abstract     = {Resident alveolar macrophages (rAMs) residing in the bronchoalveolar lumen of the airways play an important role in limiting excessive inflammatory responses in the respiratory tract High phagocytic activity along with hyporesponsiveness to inflammatory insults and lack of autonomous IFN-beta production are crucial assets in this regulatory function. Using a mouse model of asthma, we analyzed the fate of rAMs both during and after allergic bronchial inflammation. Although nearly indistinguishable phenotypically from naive rAMs, postinflammation rAMs exhibited a strongly reduced basal phagocytic capacity, accompanied by a markedly increased inflammatory reactivity to Toll-like receptors TLR-3 (poly I:C), TLR-4 [lipopolysaccharide (LPS)], and TLR-7 (imiquimod). Importantly, after inflammation, rAMs exhibited a switch from an IFN-beta-defective to an IFN-beta-competent phenotype, thus indicating the occurrence of a new, inflammatory-released rAM population in the postallergic lung. Analysis of rAM turnover revealed a rapid disappearance of naive rAMs after the onset of inflammation. This inflammation-induced rAM turnover is critical for the development of the hyperinflammatory rAM phenotype observed after clearance of bronchial inflammation. These data document a novel mechanism of innate imprinting in which noninfectious bronchial inflammation causes alveolar macrophages to acquire a highly modified innate reactivity. The resulting increase in secretion of inflammatory mediators on TLR stimulation implies a role for this phenomenon of innate imprinting in the increased sensitivity of postallergic lungs to inflammatory insults. (Am J Pathol 2012, 181:174-184; http://dx.doi.org/10.1016/j.ajpath.2012.03.015)},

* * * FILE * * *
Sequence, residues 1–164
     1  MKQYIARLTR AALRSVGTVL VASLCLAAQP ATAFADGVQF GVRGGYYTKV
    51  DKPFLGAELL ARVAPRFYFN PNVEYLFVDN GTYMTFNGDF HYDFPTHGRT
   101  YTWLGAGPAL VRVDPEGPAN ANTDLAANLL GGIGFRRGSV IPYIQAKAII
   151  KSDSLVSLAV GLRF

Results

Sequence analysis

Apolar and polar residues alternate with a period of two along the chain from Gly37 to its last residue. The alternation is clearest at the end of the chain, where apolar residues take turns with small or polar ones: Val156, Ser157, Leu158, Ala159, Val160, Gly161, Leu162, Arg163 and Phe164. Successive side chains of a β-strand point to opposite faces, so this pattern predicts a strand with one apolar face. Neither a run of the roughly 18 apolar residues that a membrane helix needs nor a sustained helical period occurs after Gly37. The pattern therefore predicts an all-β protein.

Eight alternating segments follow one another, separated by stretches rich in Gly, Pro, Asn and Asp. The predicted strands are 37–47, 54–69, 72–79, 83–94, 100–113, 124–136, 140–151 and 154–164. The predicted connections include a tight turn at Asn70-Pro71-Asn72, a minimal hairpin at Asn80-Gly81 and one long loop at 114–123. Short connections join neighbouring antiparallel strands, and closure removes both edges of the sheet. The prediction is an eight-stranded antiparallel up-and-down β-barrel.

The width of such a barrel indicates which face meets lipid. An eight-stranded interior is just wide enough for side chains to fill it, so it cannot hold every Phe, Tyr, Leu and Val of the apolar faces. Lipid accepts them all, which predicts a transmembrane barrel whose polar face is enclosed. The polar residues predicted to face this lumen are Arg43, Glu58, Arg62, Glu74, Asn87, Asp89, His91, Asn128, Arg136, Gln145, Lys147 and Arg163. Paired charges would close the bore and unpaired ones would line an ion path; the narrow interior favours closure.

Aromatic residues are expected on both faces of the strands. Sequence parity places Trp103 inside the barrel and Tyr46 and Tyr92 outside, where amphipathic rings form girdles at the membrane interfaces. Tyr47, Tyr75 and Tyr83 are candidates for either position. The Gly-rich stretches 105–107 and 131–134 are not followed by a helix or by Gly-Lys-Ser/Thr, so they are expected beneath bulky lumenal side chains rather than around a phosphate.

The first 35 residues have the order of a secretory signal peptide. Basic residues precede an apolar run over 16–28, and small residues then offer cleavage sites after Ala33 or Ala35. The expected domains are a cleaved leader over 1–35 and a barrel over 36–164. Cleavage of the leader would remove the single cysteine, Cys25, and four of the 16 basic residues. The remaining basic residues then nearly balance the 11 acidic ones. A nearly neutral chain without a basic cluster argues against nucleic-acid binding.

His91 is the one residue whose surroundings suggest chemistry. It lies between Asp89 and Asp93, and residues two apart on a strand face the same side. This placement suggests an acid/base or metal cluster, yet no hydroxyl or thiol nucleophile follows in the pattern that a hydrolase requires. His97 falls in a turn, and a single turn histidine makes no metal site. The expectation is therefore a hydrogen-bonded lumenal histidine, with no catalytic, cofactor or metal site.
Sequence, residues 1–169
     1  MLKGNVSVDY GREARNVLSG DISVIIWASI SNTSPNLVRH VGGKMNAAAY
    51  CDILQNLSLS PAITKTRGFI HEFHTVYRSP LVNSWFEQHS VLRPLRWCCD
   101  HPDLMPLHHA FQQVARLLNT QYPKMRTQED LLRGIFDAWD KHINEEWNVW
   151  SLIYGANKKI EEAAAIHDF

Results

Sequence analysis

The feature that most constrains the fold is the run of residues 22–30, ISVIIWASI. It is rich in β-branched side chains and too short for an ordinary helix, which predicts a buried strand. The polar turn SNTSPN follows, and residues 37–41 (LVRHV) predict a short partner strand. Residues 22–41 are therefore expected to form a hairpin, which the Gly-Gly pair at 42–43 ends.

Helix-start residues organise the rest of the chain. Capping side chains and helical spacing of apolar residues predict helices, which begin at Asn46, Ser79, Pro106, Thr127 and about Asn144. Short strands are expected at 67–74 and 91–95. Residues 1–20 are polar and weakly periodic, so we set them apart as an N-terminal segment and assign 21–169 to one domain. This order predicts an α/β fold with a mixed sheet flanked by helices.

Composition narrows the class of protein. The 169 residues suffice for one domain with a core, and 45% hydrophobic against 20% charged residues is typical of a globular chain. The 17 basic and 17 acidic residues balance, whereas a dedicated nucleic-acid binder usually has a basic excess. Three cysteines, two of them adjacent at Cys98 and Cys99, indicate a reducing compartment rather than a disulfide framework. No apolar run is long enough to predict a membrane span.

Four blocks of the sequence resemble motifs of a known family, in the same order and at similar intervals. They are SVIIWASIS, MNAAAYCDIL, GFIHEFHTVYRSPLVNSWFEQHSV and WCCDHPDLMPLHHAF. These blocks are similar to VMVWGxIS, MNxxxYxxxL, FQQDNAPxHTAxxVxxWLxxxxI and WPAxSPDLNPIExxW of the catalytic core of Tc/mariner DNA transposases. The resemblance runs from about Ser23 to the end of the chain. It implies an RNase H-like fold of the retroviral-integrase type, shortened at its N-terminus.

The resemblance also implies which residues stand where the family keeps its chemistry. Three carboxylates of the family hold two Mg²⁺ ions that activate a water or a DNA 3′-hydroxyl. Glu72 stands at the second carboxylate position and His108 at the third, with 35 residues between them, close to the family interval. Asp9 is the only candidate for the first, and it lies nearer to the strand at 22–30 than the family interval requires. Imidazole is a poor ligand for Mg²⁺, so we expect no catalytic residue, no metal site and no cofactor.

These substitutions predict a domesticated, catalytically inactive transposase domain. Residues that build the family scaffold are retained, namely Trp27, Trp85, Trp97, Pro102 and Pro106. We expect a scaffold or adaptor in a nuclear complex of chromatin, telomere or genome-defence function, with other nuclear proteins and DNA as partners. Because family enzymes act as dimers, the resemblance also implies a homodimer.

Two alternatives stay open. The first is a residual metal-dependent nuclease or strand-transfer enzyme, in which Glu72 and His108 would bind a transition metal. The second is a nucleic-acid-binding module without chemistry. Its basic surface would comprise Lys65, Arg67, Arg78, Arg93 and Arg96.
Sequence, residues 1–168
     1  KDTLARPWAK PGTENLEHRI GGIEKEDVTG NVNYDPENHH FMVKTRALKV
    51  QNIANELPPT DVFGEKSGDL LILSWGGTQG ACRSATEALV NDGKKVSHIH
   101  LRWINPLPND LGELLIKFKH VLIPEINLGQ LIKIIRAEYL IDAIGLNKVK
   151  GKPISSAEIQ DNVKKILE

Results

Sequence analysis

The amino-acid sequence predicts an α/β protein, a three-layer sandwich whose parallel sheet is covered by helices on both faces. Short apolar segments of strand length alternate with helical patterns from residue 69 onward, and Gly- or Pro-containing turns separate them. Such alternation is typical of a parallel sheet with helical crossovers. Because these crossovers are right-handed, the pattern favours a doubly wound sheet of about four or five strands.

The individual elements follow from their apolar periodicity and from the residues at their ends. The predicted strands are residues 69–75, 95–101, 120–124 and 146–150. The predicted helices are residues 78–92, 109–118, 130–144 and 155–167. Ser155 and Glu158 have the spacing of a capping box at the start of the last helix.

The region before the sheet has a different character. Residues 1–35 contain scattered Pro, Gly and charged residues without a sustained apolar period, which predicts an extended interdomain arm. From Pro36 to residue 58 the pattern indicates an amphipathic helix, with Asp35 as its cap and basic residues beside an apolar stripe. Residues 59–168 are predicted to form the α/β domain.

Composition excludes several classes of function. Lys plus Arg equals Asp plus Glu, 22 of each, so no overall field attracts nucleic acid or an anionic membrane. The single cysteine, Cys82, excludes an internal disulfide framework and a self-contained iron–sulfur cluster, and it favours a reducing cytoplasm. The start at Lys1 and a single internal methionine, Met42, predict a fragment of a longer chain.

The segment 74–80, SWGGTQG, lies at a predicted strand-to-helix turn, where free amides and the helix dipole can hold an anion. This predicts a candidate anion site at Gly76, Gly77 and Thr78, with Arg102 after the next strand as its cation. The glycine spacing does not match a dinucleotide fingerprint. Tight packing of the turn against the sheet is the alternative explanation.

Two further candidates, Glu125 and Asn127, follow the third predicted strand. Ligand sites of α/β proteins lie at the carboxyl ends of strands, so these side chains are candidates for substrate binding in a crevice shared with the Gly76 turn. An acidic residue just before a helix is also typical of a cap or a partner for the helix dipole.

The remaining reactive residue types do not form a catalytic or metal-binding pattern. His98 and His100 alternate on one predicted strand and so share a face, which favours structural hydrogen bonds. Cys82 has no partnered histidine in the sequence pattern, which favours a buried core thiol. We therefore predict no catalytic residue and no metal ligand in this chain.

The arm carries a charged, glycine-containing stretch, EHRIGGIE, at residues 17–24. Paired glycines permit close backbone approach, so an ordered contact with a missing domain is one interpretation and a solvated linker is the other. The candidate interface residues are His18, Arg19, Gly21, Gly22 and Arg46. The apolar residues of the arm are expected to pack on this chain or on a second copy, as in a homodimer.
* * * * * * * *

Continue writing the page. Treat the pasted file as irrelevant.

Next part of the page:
author       = {Naessens, Thomas and Vander Beken, Seppe and Bogaert, Pieter and Van Rooijen, Nico and Lienenklaus, Stefan and Weiss, Siegfried and De Koker, Stefaan and Grooten, Johan},
  issn         = {0002-9440},
  journal      = {AMERICAN JOURNAL OF PATHOLOGY},
  keyword      = {RESPIRATORY-TRACT,PULMONARY DENDRITIC CELLS,ALTERNATIVE ACTIVATION,LUNG MACROPHAGES,IMMUNE-RESPONSE,MICE,DISEASE,ASTHMA,HETEROGENEITY,ELIMINATION},
  language     = {eng},
  number       = {1},
  pages        = {174--184},
  title        = {Innate imprinting of murine resident alveolar macrophages by allergic bronchial inflammation causes a switch from hypoinflammatory to hyperinflammatory reactivity},
  url          = {http://dx.doi.org/10.1016/j.ajpath.2012.03.015},
  volume       = {181},
  year         = {2012},
}